Wednesday, 1 July 2015
Fluids And Soledads
Directed by Jess Franco
Severin Blu Ray Zone A
Whenever the name Jess Franco tends to come up in polite, and often not so polite, conversation it usually conjures up an insane director who prolifically wrote, shot, directed and acted in low budget exploitation movies, sometimes even reaching around a shot to operate the camera while filming himself in some of the more extreme but, completely believable, stories I've heard about him. The man who Orson Welles once called his best Assistant Director and a man who churned out films of various quality and comprehensibility over his long career, usually starring his muse and partner Lina Romay. The films which may at first come to mind would possibly be Female Vampire, Countess Perverse (reviewed here), She Kills In Ecstacy (perhaps) but certainly one of these which will almost certainly spring to the front is this key work, Vampyros Lesbos.
Part of that is to do with the fact that it’s a pretty cool movie with some nice photography and female nudity... which there’s still a big market for these days. The other reason is that it was one of the last three films of his to star Soledad Miranda, who has since become a bit of an icon of an actress due to her tragic demise, which took place before any of these last three films were even released into cinemas a year later. A demise which hit Franco hard and it’s no wonder as she was, from the look of the way he photographed her in this and certain others of his films with her, his original on screen muse. A kind of Lina Romay Mark 1, so to speak.
The story goes that Miranda had retired from acting to have a child but came out of retirement when she got a small part in the Hollywood western 100 Rifles. After that, Franco kinda discovered her and started using her in small roles in his own films, like Franco's attempt at a more serious counterpart to the Hammer Dracula movies, Count Dracula, where she starred as Stoker’s character Lucy Westenra opposite Christopher Lee, Klaus Kinski and Herbert Lom. After a few films like this, Franco put her in more starring roles in films like The Devil Came from Akasava, Vampyros Lesbos, She Kills In Ecstacy and Eugenie De Sade, usually billed as Susann Korda to divert attention from her name due to the sexually charged nature of her roles. It says something about Franco’s pace as a director that there were three films in the can and not yet released before the actress met her dreadful fate.* A fate that came along under the guise of opportunity when she, her husband and her child were on their way to Franco’s house by car. Franco had just received news that his producer would sign a contract with Soledad and make her a big star and she was rushing over to Franco’s house to finalise the deal when a collision with a lorry crushed her car. Her husband and child escaped serious harm but she received injuries which put her in a coma from which she never awoke. A few hours after the crash she was dead. Life can be unbelievably cruel and ironic at times.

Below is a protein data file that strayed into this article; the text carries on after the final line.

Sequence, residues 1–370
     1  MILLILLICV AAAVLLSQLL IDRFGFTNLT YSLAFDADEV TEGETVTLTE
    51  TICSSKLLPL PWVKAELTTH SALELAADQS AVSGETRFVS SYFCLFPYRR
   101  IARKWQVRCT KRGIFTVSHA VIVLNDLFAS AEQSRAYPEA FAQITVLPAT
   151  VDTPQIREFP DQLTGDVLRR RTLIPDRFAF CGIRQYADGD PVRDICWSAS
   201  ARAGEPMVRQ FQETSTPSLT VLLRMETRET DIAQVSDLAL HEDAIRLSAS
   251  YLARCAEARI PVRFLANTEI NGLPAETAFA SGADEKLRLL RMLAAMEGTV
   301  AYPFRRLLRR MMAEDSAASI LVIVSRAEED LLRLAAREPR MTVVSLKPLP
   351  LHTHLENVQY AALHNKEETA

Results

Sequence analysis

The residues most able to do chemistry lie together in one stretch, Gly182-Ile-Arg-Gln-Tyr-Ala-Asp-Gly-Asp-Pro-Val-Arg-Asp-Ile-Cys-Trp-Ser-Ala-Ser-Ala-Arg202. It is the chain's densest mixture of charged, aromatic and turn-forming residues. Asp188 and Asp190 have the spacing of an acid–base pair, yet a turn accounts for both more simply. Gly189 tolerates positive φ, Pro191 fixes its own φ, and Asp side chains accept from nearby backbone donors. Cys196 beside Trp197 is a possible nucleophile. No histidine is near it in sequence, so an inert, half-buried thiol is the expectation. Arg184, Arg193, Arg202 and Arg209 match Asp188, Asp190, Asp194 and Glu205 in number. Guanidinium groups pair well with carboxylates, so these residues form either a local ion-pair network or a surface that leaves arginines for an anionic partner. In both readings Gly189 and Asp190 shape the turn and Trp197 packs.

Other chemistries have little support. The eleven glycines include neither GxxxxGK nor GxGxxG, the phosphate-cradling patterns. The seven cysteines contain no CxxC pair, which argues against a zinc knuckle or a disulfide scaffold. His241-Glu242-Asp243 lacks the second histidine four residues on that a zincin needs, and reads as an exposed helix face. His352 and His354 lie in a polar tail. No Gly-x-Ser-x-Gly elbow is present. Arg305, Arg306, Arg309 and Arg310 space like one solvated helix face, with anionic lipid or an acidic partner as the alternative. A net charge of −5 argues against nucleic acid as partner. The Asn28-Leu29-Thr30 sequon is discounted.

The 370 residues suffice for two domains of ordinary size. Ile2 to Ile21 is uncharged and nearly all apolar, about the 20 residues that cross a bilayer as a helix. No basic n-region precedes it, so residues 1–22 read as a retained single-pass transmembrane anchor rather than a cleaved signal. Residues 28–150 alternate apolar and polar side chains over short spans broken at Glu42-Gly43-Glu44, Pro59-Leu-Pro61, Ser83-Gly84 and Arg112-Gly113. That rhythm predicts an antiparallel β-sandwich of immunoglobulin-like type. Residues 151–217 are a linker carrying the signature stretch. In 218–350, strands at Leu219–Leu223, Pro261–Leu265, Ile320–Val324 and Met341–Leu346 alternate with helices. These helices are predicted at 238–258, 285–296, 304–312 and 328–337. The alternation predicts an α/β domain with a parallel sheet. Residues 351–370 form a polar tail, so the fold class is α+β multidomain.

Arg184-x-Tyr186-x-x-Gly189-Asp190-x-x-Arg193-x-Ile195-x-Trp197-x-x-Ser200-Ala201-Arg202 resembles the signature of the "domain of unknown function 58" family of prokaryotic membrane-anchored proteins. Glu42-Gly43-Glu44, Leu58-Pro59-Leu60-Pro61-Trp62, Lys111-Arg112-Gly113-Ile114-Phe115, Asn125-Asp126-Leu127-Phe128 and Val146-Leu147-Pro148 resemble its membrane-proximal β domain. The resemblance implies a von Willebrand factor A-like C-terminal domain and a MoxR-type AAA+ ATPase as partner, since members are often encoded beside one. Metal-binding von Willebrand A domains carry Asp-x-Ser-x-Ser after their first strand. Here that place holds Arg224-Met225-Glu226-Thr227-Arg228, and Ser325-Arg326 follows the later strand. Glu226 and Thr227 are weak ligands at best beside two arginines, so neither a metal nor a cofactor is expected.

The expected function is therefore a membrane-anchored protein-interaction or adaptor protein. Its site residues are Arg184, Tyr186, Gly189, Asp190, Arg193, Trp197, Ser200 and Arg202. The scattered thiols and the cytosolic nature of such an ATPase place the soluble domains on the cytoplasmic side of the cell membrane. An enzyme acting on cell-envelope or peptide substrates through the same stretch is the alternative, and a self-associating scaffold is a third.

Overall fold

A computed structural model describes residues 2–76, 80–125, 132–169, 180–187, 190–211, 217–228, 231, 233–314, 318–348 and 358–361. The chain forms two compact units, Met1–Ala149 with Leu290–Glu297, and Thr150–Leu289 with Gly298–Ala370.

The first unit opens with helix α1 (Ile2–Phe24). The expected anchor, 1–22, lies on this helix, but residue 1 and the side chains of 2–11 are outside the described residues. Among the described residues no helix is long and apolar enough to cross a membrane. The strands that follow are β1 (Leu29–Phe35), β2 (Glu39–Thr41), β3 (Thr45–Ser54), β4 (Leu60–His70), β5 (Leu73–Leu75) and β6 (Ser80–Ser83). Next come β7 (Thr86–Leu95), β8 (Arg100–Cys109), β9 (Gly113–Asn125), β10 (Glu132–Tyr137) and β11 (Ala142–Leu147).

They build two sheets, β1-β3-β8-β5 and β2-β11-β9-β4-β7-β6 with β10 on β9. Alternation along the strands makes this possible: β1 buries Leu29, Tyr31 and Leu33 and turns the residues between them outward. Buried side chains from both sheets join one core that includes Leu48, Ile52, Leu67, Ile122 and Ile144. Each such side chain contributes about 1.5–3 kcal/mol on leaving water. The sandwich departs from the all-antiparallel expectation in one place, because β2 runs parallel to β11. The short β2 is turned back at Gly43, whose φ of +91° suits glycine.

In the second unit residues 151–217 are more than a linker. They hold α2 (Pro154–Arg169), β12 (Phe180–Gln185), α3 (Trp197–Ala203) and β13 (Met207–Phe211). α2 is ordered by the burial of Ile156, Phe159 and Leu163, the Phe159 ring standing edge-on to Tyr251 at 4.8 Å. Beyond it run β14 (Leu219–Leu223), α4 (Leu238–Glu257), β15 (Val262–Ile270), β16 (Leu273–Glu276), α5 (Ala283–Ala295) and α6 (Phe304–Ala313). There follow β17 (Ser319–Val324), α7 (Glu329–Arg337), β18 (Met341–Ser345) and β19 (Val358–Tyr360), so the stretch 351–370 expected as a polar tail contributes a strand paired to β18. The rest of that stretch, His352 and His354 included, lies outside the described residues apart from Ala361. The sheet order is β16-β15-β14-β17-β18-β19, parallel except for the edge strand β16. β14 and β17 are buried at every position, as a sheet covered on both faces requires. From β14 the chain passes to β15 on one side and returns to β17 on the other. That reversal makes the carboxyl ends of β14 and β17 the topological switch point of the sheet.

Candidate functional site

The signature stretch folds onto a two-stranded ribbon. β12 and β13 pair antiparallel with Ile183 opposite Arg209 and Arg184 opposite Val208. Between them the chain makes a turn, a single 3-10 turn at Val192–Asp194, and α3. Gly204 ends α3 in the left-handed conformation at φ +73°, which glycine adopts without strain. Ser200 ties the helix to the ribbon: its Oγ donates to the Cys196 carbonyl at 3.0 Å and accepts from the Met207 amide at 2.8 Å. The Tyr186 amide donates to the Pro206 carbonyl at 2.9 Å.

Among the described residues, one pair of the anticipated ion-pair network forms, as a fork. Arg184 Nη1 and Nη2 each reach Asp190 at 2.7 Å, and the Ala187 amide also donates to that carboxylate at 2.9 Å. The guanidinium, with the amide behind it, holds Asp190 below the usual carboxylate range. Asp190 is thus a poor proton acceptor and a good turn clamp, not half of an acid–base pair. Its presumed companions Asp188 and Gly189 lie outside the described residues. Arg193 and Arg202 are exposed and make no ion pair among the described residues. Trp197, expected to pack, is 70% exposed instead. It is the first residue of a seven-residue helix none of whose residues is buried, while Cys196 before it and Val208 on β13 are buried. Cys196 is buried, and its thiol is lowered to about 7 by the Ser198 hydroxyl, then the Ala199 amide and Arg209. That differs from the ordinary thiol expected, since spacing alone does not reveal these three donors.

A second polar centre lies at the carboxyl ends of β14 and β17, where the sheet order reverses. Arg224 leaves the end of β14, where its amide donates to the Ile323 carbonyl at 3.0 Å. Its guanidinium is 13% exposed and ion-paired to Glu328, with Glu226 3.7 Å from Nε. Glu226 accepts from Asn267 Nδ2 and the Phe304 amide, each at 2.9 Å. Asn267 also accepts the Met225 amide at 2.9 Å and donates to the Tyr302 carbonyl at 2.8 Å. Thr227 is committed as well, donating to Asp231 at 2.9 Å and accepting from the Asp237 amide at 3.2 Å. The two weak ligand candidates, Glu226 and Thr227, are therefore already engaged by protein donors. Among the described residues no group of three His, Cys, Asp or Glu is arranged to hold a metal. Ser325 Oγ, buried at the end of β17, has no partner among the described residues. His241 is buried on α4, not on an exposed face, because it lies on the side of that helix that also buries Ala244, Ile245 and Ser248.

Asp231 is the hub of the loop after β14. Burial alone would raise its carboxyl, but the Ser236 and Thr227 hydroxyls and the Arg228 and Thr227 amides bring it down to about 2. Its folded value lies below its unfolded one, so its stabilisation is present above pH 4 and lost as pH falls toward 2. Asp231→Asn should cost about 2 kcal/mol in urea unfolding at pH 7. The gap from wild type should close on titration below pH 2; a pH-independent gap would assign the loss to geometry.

Vampyros Lesbos is a great movie. It’s confusing and unspecific in its direction at points, sure, but not as much as some of the worst of Franco’s movies and, out of all of them, I think this film could be classed as one of his great masterpieces.
It opens with a shot of the sun burning orange at dusk on a sea scape and then alternates this during the credits, with a shot of Soledad Miranda as the main antagonist/protagonist (take your pick) of the movie, Countess Nadine Carody. She is either being looked down on or up at by the camera and her presence is full on and in your face as she waves her hands around in an expression of vampiric mesmerism which, okay, sounds a bit rubbish but, because she has such a remarkable presence, it all just kind of works. It also helps that it’s set to one of the most insane but grooviest pieces, Countdown To Nowhere, from the score by David Khune, Manfred Hubler and Siegfried Schwab and... yeah... David Khune is another pseudonym for Franco helping out with the music too.
After this we are treated, straight away, to another gorgeously scored scene where Soledad is performing a kind of “reverse strip” routine in sexy clothing with a naked mannequin. She gyrates slowly as she removes her clothing to dress the mannequin in separate bits and it’s not very long before we realise the mannequin is actually a another 'real' naked woman, a lesbian bond formed between the sensual Countess Carody and her nude puppet. An audience watches the scene attentively in the nightclub in which she is revealed to be performing this routine, including the other main protagonist of the film, Linda, played by Ewa Strömberg (another Franco regular at this time) and her boyfriend. The scene is all raw raunchiness but Soledad manages to still retain her elegance as she performs her piece, writhing naked between the legs of her puppet lover.